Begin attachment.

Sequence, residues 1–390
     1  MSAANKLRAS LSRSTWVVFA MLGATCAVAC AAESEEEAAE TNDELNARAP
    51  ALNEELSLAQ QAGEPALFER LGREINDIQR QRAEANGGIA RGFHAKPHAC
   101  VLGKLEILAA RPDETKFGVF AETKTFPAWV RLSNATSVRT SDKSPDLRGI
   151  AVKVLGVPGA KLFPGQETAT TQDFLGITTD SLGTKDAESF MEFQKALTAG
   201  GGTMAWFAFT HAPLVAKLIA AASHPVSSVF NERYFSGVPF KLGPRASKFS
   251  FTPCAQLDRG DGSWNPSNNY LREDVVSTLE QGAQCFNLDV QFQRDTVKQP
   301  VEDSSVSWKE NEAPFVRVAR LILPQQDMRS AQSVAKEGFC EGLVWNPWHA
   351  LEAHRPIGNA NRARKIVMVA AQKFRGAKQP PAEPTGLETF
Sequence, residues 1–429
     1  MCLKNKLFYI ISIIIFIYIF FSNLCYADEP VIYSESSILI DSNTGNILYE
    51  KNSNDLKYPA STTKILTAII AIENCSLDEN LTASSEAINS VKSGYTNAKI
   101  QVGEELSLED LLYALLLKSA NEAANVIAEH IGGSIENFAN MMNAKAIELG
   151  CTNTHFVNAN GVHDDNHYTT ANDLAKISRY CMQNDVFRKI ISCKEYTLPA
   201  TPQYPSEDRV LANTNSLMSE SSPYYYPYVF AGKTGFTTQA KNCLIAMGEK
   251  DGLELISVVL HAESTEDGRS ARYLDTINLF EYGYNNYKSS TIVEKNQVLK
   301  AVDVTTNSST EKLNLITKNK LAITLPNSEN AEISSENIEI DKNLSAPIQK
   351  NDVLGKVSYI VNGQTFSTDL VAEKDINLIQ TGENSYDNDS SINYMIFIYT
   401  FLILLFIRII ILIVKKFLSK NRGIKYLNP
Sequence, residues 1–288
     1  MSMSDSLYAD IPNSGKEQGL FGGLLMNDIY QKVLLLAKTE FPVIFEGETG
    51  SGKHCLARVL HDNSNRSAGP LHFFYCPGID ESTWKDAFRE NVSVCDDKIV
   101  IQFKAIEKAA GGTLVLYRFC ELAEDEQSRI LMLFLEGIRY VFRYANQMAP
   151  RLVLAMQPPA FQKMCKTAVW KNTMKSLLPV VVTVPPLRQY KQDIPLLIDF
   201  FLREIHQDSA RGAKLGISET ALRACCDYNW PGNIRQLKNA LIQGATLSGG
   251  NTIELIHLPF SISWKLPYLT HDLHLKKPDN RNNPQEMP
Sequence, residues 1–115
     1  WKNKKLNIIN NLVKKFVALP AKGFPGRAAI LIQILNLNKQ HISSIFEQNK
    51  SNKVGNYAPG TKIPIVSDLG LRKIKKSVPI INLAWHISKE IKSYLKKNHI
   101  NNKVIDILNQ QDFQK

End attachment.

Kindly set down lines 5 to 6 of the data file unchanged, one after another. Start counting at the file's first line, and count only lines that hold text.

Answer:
   151  AVKVLGVPGA KLFPGQETAT TQDFLGITTD SLGTKDAESF MEFQKALTAG
   201  GGTMAWFAFT HAPLVAKLIA AASHPVSSVF NERYFSGVPF KLGPRASKFS